In ALD processes, gas phase reactions between precursors and any undesired reactions with by-products are preferably inhibited or prevented. Precursor pulses are separated from each other by time and the reaction chamber is purged with an inactive gas (e.g. nitrogen or argon) and/or evacuated between reactant pulses to remove surplus gaseous reactants and reaction by-products from the chamber. The principles of ALD type processes have been presented by the inventor of the ALD technology, Dr T. Suntola, e.g. in the Handbook of Crystal Growth 3, Thin Films and Epitaxy, Part B: Growth Mechanisms and Dynamics, Chapter 14, Atomic Layer Epitaxy, pp. 601-663, Elsevier Science B.V. 1994, the disclosure of which is incorporated herein by reference.
An extensive description of ALD precursors and ALD-grown materials has been presented by Prof. M. Ritala and Prof. M. Leskelä in a recent review article, Handbook of Thin Film Materials, Vol. 1: Deposition and Processing of Thin Films, Chapter 2 “Atomic Layer Deposition”, pp. 103-159, Academic Press 2002, which is incorporated herein by reference.
In the context of the present application “a reaction space” designates generally a reactor or a reaction chamber, or a defined volume therein, in which the conditions can be adjusted so that deposition of a thin film on a substrate is possible.
An “ALD type reactor” is a reactor where the reaction space is in fluid communication with at least one, preferably at least two precursor sources such that the precursors can be pulsed into the reactions space. The reaction space is also preferably in fluid communication with an inert gas source and a vacuum generator (e.g. a vacuum pump). The temperature and pressure of the reaction space and the flow rates of gases can be adjusted to a range that makes it possible to grow thin films by ALD type processes.
As is well known in the art, there are a number of variations of the basic ALD method, including PEALD (plasma enhanced ALD) in which plasma is used for activating reactants. Conventional ALD or thermal ALD refers to an ALD method where plasma is not used, but where the substrate temperature is high enough for overcoming the energy barrier (activation energy) during collisions between the chemisorbed species on the surface and reactant molecules in the gas phase so that up to a molecular layer of thin film grows on the substrate surface during each ALD pulsing sequence or cycle. For the purpose of the present invention, the term “ALD” covers both PEALD and thermal ALD.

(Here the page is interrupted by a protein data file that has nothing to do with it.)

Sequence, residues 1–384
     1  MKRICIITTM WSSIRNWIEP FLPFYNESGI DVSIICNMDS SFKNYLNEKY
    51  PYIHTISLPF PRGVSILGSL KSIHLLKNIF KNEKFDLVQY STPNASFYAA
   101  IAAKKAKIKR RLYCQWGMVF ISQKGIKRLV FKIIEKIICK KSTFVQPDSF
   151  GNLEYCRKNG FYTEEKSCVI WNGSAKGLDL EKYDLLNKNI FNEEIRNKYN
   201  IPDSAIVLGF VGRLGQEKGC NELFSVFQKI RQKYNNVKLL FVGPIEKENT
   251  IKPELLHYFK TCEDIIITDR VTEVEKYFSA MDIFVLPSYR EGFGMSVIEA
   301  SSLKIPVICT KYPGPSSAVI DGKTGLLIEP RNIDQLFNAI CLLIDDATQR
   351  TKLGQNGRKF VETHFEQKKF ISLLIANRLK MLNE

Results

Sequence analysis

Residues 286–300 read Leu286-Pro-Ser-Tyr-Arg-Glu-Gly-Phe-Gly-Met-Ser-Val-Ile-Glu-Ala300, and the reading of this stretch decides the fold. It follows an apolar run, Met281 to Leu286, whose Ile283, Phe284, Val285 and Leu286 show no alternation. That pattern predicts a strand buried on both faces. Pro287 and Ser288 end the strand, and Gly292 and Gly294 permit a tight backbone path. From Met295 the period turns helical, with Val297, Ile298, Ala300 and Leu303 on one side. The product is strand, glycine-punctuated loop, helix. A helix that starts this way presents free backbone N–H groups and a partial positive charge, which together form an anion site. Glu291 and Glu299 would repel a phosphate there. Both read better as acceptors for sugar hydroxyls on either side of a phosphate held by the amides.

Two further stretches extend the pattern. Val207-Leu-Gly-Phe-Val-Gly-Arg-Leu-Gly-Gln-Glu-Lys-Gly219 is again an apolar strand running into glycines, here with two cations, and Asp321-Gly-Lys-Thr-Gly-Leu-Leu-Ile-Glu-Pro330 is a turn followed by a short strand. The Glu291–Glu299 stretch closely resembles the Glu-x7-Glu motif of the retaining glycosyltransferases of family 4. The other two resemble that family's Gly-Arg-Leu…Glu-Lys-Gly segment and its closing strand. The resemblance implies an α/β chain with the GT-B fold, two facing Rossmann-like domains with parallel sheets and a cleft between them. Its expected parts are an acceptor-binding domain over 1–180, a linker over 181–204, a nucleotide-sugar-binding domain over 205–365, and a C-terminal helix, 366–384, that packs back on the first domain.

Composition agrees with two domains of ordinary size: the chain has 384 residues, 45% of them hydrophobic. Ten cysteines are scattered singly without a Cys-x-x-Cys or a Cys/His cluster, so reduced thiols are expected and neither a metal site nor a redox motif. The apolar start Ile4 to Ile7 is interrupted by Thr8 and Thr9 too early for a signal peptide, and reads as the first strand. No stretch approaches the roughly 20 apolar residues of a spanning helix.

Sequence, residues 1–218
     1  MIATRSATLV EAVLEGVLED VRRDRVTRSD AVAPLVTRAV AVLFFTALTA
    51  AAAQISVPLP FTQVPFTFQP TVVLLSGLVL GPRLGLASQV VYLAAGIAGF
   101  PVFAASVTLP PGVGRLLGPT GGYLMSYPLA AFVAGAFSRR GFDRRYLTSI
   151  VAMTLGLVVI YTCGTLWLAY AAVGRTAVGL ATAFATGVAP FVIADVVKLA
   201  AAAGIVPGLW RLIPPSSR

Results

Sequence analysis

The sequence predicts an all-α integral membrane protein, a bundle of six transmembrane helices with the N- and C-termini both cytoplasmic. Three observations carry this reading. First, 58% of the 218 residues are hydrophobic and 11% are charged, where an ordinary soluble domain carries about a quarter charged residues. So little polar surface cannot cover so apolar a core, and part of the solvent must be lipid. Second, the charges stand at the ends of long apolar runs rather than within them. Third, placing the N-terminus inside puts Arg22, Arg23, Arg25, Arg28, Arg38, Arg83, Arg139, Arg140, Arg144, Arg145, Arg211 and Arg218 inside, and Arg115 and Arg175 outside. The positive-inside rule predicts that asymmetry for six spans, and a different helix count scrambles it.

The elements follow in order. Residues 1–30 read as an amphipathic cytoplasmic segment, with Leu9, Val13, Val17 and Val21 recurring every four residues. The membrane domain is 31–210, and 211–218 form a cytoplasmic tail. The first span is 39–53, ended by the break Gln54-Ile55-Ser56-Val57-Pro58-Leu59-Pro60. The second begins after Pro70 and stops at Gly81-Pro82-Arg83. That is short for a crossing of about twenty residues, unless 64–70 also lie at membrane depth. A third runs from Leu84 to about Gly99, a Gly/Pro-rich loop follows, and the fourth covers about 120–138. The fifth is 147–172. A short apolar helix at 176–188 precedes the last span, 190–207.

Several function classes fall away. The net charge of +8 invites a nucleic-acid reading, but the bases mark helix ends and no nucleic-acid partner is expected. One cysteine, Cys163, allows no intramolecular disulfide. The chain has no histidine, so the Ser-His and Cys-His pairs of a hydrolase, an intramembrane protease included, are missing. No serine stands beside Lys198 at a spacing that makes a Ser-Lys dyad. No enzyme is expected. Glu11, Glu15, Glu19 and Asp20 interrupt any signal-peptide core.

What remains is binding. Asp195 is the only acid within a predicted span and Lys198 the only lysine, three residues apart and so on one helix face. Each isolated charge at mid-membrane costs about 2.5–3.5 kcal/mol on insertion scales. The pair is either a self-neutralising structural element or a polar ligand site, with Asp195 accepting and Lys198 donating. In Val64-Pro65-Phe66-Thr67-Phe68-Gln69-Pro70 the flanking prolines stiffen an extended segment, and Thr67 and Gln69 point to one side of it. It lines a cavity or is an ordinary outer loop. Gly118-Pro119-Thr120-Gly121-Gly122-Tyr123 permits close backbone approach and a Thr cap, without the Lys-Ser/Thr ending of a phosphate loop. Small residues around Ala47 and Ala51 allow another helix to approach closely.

“Metal source material,” and “metal precursor” are used interchangeably to designate a volatile or gaseous metal compound that can be used in an ALD process to provide metal to the growing thin film. Preferred “metal source materials” and “metal precursors” can be used as a starting compound for deposition of the corresponding metal oxide.
The term “multicomponent oxide” covers oxide materials comprising at least two different metal cations.
Bismuth precursors comprising at least one, preferably from about 1 to 12, monodentate alkoxide ligands are preferably used as metal source materials in depositing bismuth containing thin films by ALD. Bismuth precursors which have a structure BiL3, where L is alkoxide ligand, preferably comprise 1-4 alkoxide ligands, more preferably 3 alkoxide ligands. Most preferably said alkoxide ligands are monodentate alkoxide ligands. Bismuth precursors, which have an oxygen bridge between two bismuth atoms preferably contain 3-6 alkoxide ligands, more preferably 4 alkoxide ligands when in monomeric form, and preferably contain, 6-12 alkoxide ligands, more preferably 8 alkoxide ligands when in dimeric form.
Bismuth precursors comprising monodentate alkoxide ligands are exemplified by Bi(alkoxy)3, [(alkoxy)2Bi—O—Bi(alkoxy)2]2 and (alkoxy)2Bi—O—Bi(alkoxy)2, wherein the term “alkoxy” stands for a alkoxide group, preferably selected from substituted or unsubstitued methoxy, ethoxy, n- and i-propoxy, and n-, sec- and t-butoxy and different pentoxides. Possible substitutes can be chosen from, but are not limited to, the group of methyl, ethyl, n-propyl, i-propyl, n-butyl, sec-butyl and t-butyl. Further, one alkoxide ligand can comprise one or more substituents, as in case of 2,3-dimethyl-2-butoxy.